What is feline herpes?

Herpes in cats is fairly common - estimates range from 40% to 70% having the feline herpes virus. It is a chronic infection that generally lasts for life. It is diagnosed through a test called PCR (Polymerase Chain Reaction) which is basically a test on the DNA to determine whether the virus is there or not. Most cats who have it do not suffer any ill effects from it - they are latent carriers, and it just stays there quietly in the cat for the rest of its life like chicken pox does in people who've had it.


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However, there are two basic potential problems that feline herpes can cause cat owners. First, in kittens it is usually more dangerous. Kittens usually seem like they're sick in general when they have herpes, with symptoms such as sneezing, discharge from the eyes and nose (see cat discharge) and lethargy. They usually get better within a few weeks. In adults, it more often manifests itself as a recurring feline conjunctivitis. This is a specific kind of eye infection of the conjunctiva, a membrane of the cat's eye. If this starts happening to your cat, you will be able to get rid of it but it is likely to come back again in the future. Adult cats can also show the same symptoms as kittens, but generally it is not as severe. Feline herpes is also the cause of some upper respiratory infections in adult cats.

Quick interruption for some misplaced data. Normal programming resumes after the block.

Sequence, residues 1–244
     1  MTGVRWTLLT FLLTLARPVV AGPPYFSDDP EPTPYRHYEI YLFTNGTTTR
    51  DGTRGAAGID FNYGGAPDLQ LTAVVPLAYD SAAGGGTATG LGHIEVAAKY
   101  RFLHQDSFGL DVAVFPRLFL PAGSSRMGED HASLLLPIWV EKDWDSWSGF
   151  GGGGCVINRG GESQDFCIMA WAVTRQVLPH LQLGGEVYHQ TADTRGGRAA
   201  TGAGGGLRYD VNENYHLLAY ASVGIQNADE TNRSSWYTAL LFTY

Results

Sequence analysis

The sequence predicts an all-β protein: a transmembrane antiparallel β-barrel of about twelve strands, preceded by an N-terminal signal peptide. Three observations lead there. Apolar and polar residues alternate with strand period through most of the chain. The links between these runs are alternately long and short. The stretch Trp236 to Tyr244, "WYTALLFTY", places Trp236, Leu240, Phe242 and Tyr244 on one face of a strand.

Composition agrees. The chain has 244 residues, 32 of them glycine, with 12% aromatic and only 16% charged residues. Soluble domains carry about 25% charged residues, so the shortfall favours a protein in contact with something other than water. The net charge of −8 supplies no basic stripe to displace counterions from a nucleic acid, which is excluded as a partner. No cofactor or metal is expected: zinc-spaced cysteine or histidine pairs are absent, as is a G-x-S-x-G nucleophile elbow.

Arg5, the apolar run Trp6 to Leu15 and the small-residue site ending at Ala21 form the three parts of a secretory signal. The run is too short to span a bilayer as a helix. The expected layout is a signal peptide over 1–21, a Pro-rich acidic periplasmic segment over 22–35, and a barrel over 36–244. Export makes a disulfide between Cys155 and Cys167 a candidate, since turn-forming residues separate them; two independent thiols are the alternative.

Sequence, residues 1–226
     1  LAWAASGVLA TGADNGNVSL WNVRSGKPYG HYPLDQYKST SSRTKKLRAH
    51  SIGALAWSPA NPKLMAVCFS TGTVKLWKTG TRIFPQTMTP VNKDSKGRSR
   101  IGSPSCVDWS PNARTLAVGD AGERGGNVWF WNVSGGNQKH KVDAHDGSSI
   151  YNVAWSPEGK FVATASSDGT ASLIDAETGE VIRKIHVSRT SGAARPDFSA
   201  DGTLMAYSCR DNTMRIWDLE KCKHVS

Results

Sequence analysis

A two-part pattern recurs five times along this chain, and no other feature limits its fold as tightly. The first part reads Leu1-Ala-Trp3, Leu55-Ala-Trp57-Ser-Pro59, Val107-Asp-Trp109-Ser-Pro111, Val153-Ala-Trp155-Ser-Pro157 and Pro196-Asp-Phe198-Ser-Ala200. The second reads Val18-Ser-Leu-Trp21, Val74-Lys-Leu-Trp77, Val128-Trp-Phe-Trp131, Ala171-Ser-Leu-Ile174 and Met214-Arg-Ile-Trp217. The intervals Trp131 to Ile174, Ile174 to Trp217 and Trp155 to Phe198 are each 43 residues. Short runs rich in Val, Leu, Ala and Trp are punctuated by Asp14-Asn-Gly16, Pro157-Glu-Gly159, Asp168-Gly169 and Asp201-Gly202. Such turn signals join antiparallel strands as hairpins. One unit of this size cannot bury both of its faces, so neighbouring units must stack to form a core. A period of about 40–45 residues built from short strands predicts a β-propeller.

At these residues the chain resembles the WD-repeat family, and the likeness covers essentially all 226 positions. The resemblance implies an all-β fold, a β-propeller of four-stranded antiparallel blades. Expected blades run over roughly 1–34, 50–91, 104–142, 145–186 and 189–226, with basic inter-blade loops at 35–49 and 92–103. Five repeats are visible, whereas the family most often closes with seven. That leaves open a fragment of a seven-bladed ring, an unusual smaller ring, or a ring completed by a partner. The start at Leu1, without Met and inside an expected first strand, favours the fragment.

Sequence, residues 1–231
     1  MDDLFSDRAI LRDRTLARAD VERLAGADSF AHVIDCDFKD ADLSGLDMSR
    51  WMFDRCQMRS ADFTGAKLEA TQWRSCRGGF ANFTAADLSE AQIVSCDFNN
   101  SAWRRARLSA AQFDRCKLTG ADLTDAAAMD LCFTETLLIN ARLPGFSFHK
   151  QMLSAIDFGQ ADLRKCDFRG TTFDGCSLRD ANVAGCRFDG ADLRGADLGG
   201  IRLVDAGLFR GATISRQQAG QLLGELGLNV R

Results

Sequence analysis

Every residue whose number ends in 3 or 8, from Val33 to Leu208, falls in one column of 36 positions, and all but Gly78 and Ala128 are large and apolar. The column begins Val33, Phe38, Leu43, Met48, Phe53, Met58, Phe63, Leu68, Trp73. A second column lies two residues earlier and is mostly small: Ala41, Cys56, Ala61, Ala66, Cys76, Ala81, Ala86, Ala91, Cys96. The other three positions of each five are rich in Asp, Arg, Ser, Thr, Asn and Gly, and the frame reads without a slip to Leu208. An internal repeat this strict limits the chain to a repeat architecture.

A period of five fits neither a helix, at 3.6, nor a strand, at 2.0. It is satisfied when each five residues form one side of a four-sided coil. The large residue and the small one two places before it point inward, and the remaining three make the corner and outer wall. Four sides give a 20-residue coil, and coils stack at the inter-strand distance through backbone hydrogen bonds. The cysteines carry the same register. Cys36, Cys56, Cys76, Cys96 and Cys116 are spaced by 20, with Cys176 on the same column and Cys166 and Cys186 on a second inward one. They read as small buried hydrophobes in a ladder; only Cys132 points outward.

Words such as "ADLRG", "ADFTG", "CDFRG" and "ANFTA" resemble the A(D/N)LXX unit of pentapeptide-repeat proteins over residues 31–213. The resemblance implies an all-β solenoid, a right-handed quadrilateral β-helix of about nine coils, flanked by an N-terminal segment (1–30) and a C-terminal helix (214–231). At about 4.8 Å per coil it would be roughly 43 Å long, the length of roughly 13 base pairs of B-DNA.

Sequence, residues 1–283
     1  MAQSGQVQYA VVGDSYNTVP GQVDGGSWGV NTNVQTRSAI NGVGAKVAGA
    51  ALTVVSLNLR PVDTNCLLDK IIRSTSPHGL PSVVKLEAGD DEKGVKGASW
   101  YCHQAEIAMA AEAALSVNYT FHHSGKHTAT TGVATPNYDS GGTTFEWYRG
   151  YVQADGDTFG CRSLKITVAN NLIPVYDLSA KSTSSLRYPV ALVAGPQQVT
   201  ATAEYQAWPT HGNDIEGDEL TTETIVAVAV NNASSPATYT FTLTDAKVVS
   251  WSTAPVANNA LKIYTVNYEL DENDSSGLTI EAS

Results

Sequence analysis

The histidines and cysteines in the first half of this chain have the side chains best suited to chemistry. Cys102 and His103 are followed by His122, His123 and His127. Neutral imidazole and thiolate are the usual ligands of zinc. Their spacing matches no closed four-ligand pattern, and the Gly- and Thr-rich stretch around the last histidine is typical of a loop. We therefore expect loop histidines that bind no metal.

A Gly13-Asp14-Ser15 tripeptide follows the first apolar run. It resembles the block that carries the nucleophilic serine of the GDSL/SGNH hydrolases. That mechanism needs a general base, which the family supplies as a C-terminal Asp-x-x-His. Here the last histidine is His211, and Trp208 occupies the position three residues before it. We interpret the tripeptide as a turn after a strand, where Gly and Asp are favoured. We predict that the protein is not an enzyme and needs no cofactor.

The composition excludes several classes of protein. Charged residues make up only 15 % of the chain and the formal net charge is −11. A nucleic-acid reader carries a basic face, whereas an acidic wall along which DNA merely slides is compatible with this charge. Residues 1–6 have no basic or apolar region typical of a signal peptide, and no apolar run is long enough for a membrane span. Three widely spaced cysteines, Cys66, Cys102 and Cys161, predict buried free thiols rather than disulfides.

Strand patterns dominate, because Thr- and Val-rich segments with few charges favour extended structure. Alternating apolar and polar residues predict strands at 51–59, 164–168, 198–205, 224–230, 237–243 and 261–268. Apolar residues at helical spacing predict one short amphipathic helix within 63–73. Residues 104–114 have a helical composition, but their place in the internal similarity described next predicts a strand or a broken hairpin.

How is it spread?

Unlike with people, the herpes virus in cats is not an STD. It can be transmitted through the air via sneezing or through any kind of close contact with another cat.

Is there a treatment?

There are some antiviral drugs you can give a cat when it is experiencing a flare-up, but you cannot completely get rid of the feline herpes virus. It infects parts of the nervous system and while you can send it back into inactive status, you can't get rid of those infections.

What causes it to recur?

Flare-ups of herpes in cats are actually preventable to some degree because they are caused by stress in many cases. You can usually stop this by keeping your cat in a calm, stable environment - sudden changes or new pets can add to the stress and cause active infection. It can also happen when your cat's immune system is weakened for some reason, such as another disease. The flip side is that you can talk to your vet about vitamin supplements or other immune system boosters for your cat.

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